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Kin of SP chief Mulayam Singh got sweet deal from ex-engineer indicted for corruption

SP leader Ram Gopal Yadav’s MP-son Akshay took control of Delhi firm N M Buildwell from Yadav Singh’s aide.

Written by Appu Esthose Suresh | New Delhi |
Updated: September 11, 2015 11:59:08 am
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Last month, when the Samajwadi Party government in Uttar Pradesh moved the Supreme Court against the Allahabad High Court’s decision to order a CBI probe into alleged irregularities by former Noida chief engineer Yadav Singh, it puzzled many.

But here’s a link.

An investigation by The Indian Express shows that the family of SP Rajya Sabha member Ram Gopal Yadav, cousin of party chief Mulayam Singh Yadav and uncle of Chief Minister Akhilesh Yadav, got a sweet deal from Yadav Singh via an aide.


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According to the Registrar of Companies (RoC), Ram Gopal Yadav’s son Akshay Yadav — he was elected to Lok Sabha on a SP ticket from Firozabad in May 2014 — took over 9,995 shares of N M Buildwell, a Delhi-registered company, from Rajesh Kumar Manocha, an associate of Yadav Singh and a former business partner of the latter’s wife, on September 11, 2013 — months after the SP government reinstated Yadav Singh who had been suspended earlier.

CaptureSources in Finance Ministry said N M Buildwell is one of the many companies being probed by the Income-Tax department for suspected money laundering.

Incidentally, when the I-T raided Yadav Singh’s Noida house last November, they found Rs 10 crore cash in an Audi parked in the house. This car, I-T sources said, is linked to Manocha.

Manocha is also a director of Mcconn Infra Private Ltd, which is at the centre of the CBI probe in the Yadav Singh case. Kusumlata, wife of Yadav Singh, was also a director in the company until 2013 when she resigned. The CBI is looking into allegations that Yadav Singh allotted 30 industrial plots to Mcconn and its affiliates through bogus applications.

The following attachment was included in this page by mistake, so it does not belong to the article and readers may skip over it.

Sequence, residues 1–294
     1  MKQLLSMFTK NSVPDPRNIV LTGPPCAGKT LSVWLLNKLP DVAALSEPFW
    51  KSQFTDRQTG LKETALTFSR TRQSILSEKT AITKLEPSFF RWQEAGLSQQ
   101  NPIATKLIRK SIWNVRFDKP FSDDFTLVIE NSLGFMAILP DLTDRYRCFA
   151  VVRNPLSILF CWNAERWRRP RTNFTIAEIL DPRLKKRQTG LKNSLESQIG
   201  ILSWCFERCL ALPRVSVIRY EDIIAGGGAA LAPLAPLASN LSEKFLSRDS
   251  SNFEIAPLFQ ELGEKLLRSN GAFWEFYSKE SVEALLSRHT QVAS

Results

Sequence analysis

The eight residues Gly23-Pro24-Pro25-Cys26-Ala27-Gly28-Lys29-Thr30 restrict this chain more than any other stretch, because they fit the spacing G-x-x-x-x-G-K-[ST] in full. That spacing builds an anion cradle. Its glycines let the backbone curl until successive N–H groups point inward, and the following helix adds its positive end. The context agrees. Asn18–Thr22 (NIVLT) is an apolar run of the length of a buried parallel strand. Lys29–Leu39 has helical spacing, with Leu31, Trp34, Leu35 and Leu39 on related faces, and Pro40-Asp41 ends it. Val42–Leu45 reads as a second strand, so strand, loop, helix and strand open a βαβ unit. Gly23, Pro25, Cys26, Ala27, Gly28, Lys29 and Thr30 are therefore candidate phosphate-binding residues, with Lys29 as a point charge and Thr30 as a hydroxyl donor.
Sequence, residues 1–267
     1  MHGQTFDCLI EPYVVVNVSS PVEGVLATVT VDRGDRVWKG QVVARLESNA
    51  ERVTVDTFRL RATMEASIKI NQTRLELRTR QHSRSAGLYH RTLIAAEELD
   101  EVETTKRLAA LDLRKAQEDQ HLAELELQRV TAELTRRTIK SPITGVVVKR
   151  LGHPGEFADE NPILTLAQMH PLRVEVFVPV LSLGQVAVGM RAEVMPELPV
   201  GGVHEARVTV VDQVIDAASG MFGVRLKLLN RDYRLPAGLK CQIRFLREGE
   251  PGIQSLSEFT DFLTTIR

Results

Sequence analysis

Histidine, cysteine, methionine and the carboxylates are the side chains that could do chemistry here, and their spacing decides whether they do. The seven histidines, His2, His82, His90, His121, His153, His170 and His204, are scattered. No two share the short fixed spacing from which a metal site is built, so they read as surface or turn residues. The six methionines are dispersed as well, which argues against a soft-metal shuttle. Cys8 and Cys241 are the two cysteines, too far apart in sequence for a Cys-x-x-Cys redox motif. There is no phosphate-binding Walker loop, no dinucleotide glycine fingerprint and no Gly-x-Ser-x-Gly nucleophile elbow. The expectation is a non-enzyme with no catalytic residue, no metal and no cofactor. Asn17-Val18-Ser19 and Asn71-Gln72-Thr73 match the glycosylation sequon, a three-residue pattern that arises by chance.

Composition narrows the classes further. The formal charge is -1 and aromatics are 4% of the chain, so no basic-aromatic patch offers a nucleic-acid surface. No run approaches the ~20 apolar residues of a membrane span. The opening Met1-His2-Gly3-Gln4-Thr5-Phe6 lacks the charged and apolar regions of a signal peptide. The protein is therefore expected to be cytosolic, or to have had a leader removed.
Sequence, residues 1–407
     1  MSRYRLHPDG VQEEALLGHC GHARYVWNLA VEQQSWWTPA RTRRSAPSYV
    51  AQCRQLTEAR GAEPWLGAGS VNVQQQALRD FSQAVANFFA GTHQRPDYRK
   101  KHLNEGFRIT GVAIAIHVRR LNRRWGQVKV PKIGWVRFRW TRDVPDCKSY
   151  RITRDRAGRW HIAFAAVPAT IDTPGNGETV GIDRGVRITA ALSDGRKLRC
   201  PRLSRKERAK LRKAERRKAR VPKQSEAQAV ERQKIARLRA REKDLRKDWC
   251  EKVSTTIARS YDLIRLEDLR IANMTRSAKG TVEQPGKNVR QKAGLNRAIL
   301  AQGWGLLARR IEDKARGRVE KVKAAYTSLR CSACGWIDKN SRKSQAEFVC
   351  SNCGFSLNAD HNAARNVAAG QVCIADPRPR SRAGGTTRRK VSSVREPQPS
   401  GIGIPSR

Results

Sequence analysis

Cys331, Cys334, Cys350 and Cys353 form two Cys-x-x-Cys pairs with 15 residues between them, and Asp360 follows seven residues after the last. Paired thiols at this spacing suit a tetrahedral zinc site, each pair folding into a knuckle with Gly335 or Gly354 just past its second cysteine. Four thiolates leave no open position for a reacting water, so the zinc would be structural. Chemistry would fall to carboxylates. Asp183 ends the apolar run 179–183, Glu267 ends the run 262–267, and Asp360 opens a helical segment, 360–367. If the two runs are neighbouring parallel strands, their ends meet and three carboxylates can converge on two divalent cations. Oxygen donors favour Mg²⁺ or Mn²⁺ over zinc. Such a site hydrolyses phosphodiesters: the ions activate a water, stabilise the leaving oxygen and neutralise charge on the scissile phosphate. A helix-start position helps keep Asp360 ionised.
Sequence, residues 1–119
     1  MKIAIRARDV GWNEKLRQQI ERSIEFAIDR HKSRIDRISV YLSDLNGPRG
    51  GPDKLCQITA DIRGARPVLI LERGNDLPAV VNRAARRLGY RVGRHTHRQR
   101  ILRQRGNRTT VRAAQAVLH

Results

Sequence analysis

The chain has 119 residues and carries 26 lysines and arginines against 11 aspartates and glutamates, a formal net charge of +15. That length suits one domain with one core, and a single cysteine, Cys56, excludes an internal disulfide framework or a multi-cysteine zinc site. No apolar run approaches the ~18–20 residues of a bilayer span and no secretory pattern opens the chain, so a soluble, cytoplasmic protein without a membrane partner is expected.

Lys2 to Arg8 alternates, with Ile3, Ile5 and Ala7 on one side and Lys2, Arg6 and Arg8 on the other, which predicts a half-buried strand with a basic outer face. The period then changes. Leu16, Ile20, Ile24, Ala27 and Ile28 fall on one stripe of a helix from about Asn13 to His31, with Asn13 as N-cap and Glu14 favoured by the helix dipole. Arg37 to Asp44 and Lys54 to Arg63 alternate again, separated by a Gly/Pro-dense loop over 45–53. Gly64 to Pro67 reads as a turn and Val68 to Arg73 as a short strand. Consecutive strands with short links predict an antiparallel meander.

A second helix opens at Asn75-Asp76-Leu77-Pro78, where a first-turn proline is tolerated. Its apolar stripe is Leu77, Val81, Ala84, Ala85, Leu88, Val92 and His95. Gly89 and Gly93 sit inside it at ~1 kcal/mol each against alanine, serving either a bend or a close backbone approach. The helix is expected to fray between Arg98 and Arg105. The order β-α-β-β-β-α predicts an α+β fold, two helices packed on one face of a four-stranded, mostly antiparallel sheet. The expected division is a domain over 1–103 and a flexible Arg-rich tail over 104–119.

RoC filings show that at the time Akshay Yadav took over N M Buildwell, the company had leasehold land valued at Rs 1.58 crore and a building valued at Rs 1.57 crore. But the shares were transferred at face value — the company was taken over for Rs 1 lakh (10,000 shares at the rate of Rs 10 per share).

Of the 10,000 shares, Akshay had 9,995 while the remaining five shares were in the name of his wife Richa.

One entry in the 2014 balance sheet of N M Buildwell — after Akshay Yadav took over shares — shows that 16,45,000 shares were to be issued at a premium of Rs 990 but “could not take place owing to instructions of the applicants to hold back allotment”. This entry forms part of the RoC filings.

The share application sum of Rs 1.64 crore was also received for this purpose. This share allotment deal was to fetch Rs 164.5 crore — 16,45,000 shares at the rate of Rs 1,000 (face value of Rs 10 plus premium of Rs 990). The filings show Akshay himself subscribed to 17,000 shares issued at a premium of Rs 990.

When it approached the Supreme Court on August 5, the SP government had questioned the “extreme interest” shown by the Centre in the Yadav Singh case.
The UP government also pointed out that a Joint Secretary in the Finance Ministry had, in an unprecedented move, asked the state to turn over the Yadav Singh case to the CBI. The state government said the Centre’s directive was unconstitutional because a decision on turning over a case to the CBI rested with the state.

While Uttar Pradesh did not entertain the Centre’s direction, the Allahabad High Court, acting on a petition filed by activist Nutan Thakur, ordered a CBI probe into the case on July 16.

Meanwhile, the petitioner’s husband Amitabh Thakur, an IPS officer at loggerheads with the state, was booked by UP police in an alleged sexual harassment case after he complained that he had been threatened by Mulayam Singh Yadav.

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